A comprehensive and intriguing look at the witty and sophisticated art of William Wegman, beloved by the general public and held in critical esteem within the international art world
This fascinating book reveals the full range of William Wegman’s art. Beloved by the general public for signature photographs of his troupe of Weimaraners, Wegman is also an immensely important figure in the contemporary art world.
A pioneer video-maker, conceptualist, performer, photographer, painter, draftsman, and writer, Wegman moves fluidly among various media: from conceptual works to commissioned magazine shots; from videos shown in museums to television segments made for Sesame Street and Saturday Night Live; from artist’s books parodying nineteenth-century naturalist studies to children’s books revealing tongue-in-cheek portraits of town and country life; from photographic “landscapes” employing his canine muses to his most recent cycle of landscapes combining found scenic souvenir postcards with drawing, collage, and painting. Underlying all his creations is the light humor of “funny” mediating the darker human comedy of “strange.” Speaking to the absurdities of daily life, Wegman’s work is universally appealing.
William Wegman: Funney—Strange is illustrated with some 250 images. It is the first retrospective volume to consider the artist’s entire career from the 1960s to the 2000s and is an essential book for any fan of Wegman’s work.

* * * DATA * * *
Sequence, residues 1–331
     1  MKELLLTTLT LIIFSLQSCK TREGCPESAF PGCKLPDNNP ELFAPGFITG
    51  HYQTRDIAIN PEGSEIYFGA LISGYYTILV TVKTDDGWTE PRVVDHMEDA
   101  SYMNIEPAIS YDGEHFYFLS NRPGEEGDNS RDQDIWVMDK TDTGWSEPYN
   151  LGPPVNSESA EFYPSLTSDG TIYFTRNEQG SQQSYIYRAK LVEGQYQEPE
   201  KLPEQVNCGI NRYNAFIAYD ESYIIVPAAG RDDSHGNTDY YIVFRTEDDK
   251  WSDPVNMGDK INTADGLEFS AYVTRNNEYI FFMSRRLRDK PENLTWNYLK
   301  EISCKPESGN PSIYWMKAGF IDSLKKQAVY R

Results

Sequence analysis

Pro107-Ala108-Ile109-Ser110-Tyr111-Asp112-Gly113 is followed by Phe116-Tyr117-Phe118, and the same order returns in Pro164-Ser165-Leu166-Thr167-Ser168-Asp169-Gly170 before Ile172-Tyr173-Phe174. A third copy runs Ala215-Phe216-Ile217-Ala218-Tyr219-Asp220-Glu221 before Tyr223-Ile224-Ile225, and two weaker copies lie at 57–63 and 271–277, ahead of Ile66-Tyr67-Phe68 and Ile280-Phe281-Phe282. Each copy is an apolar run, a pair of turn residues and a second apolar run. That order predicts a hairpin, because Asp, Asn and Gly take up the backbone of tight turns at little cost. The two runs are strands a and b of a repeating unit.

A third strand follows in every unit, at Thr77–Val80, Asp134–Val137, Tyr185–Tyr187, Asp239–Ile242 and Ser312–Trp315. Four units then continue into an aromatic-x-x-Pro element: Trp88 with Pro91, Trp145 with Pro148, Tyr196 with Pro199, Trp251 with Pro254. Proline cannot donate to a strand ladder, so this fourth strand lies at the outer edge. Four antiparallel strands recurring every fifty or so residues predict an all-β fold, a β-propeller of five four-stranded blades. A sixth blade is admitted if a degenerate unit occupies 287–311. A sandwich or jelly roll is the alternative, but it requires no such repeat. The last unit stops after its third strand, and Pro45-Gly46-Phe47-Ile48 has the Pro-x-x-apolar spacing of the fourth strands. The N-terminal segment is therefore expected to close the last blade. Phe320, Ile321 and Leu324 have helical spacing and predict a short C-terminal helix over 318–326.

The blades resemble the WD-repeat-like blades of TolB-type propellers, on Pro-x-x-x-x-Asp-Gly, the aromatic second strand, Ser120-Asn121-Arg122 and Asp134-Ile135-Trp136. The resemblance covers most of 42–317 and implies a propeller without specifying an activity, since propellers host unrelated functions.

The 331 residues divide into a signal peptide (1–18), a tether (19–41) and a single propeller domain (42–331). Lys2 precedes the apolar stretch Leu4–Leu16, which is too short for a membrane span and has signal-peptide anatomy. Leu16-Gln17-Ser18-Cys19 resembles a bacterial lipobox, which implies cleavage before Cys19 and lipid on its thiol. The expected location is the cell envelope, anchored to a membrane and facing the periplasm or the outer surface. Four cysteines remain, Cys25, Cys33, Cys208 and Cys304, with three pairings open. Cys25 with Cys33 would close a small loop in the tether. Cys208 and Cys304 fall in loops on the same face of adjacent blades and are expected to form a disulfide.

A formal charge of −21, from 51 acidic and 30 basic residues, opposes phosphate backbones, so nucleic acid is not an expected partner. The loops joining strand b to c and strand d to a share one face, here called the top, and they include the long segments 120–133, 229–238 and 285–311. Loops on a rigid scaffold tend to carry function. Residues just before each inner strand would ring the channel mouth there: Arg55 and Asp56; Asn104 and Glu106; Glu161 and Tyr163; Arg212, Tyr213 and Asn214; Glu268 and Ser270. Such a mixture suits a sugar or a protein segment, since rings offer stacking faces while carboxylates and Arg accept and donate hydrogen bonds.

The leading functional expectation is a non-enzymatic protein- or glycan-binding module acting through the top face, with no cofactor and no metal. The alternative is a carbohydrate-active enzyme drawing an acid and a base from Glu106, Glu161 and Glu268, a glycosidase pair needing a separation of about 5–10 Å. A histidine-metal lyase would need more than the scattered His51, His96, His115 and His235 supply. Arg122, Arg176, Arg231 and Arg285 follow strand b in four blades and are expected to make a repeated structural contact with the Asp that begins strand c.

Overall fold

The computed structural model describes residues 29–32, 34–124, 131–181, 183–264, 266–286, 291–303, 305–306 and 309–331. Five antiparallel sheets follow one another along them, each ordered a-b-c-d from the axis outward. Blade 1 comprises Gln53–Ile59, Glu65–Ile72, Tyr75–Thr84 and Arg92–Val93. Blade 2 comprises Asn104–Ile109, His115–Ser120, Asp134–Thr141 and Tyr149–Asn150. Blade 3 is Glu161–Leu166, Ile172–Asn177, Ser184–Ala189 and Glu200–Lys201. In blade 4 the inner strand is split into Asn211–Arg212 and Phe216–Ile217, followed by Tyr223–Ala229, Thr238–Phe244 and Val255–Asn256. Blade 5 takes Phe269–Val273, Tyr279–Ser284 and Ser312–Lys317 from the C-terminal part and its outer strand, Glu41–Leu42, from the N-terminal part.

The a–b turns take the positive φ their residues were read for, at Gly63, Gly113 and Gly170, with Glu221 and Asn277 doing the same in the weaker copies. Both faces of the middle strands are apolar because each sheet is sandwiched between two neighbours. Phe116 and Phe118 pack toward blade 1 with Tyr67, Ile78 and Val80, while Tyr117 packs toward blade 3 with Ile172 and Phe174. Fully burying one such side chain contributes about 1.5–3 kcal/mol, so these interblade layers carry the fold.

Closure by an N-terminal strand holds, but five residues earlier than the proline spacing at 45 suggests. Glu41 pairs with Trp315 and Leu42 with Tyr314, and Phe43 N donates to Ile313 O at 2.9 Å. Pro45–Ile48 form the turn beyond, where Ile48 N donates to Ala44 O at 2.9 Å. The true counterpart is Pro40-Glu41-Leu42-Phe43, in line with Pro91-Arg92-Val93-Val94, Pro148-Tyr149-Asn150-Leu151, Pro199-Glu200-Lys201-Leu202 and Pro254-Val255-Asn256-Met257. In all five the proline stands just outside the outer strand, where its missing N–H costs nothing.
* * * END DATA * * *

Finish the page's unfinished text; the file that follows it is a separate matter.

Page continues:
~Addison Gallery of American Art
Addison Gallery of American Art, Phillips Academy, Andover, Massachusetts (April 7 – July 31, 2007)
~Norton Museum of Art, Palm Beach
Norton Museum of Art, West Palm Beach (November 4, 2006 – January 28, 2007)
~Smithsonian American Art Museum
Smithsonian American Art Museum, Washington, D.C. ( July 4 – September 24, 2006)
~The Brooklyn Museum
The Brooklyn Museum (March 10 – May 28, 2006)
~Roberta Smith, The New York Times
"The retrospective of William Wegman's multifarious career. . . simultaneously confirms why Mr. Wegman hasn't always received the respect he deserves and why he deserves it. The short explanation—on both counts—is that he has been too innovatively funny for too long and on too many levels (visual, verbal, commercial and arty) for people to see the serious artist behind the inveterate jokester. He's also been funny in too many mediums for his achievement to be easily grasped. . . . In his long and productive career, Mr.Wegman has remained as true as any of his legendary 1970's contemporaries to the belief that the artist's job is to make something that doesn't look like art. . . . His best work juggles the many balls of Post-Minimalism—process, language, performance—with an amateurish finesse that few of his
contemporaries match. . . . He has not only embraced Americana, but he has also become part of it."—Roberta Smith, The New York Times